Friday, January 29, 2010

more emergent confusion

Samir Selmanovic demonstrates the confusion that results when one rejects Truth and typifies the emergent failure. His bottom line in reference to other religions is that "we borrow faith and optimism and strength from each other." In contrast, Ed Stetzer offers a view from the vantage point of a mind renewed in Christ. He rightly states that "we [don't] know how to speak of faith and treat people with respect at the same time. We can come across as arrogant, superior, and sometimes condescending because we have the truth. If we have the truth - we should be the most humble of all and the most serving of all. Keeping our young people and children isolated from other religions in an attempt to keep them in our faith - is a dangerous move." But this is his second point following a higher first point, that is to tell others who Jesus is and what we believe about him. He acknowledges that we must learn to interact in love and respect but does not see that as inconsistent with upholding truth and a need to elevate false religions.

Stetzer does a nice job articulating his approach (in contrast to others).

I'm not a particular fan of interfaith events. It takes all religions and tries to merge them into a "all roads lead to the same place" kind of approach as well as mixing worship to multiple gods thereby denying the truth of most views of God. At the synagogue they did their worship and we observed, at the mosque the same and at the church the same. Interfaith is mirky, it's more about feel good. It doesn't allow us to be honest about our differences. It's build on the premise of the lowest common denominators of our belief of God so we can all sit down together. How can we build relationships if we don't speak honestly to each other. I'm tired of having to be religiously politically correct. I'm also tired of the arrogance of some evangelicals who don't know how to disagree and treat others with respect.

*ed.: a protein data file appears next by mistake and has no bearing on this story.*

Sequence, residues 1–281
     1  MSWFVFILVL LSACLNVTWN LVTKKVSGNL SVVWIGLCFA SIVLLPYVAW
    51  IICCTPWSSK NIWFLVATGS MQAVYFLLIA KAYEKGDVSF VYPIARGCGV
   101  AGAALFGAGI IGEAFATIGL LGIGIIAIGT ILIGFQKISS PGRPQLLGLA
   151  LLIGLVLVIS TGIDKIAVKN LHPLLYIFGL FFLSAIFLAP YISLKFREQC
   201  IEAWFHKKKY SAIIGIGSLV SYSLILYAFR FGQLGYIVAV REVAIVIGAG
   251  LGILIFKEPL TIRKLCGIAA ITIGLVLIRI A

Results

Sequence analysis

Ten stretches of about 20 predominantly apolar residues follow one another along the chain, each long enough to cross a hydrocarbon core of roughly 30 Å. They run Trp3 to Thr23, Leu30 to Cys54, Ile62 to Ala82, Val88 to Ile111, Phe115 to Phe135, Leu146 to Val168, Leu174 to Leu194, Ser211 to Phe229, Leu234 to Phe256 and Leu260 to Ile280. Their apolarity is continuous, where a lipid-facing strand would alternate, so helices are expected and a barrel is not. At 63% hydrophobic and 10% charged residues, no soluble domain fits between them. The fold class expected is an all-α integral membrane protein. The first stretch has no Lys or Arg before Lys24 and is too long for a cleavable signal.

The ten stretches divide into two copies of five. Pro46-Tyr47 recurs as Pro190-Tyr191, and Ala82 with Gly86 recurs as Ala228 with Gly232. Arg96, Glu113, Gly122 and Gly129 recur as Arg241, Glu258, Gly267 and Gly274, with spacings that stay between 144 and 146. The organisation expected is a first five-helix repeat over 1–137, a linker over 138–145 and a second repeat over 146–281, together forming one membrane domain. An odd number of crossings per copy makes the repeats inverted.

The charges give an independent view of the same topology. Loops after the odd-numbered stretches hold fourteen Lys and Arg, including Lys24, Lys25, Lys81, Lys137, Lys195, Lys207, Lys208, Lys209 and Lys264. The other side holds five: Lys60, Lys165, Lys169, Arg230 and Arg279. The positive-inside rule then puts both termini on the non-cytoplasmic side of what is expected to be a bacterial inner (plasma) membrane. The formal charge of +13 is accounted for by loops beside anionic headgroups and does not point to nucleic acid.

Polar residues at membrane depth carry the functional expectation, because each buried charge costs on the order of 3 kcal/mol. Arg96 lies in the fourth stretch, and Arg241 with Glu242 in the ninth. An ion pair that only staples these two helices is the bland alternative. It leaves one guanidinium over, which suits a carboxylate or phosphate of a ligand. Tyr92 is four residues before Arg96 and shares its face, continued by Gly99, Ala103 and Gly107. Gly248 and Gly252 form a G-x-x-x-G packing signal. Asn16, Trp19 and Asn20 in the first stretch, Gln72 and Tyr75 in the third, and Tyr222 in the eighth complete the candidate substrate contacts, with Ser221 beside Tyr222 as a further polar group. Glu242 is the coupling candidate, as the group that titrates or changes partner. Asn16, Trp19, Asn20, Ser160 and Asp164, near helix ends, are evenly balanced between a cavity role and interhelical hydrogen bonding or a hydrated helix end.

Those of us who are conservative are serious about our faith, our views of God, our views of our Holy Books and we are not going to compromise them for the sake of "getting along" because we have an eternal and truth paradigm view of God. THEREFORE, since we DO NEED TO GET ALONG together in this world we have to change the platform for meeting and shift the conversation. That's what multi-faith does - it moves the platform for conversation and engagement from the least common denominators of faith - to the most irreconcileable truths and says even so, we can treat one another with respects. At one point I told the group as the rabbi, the imam and myself were talking - "We are one another's worst heretics!" It says, I believe who I believe God is and am not willing to compromise truth but in my truth there is the teaching that I should respect others, get along with them.

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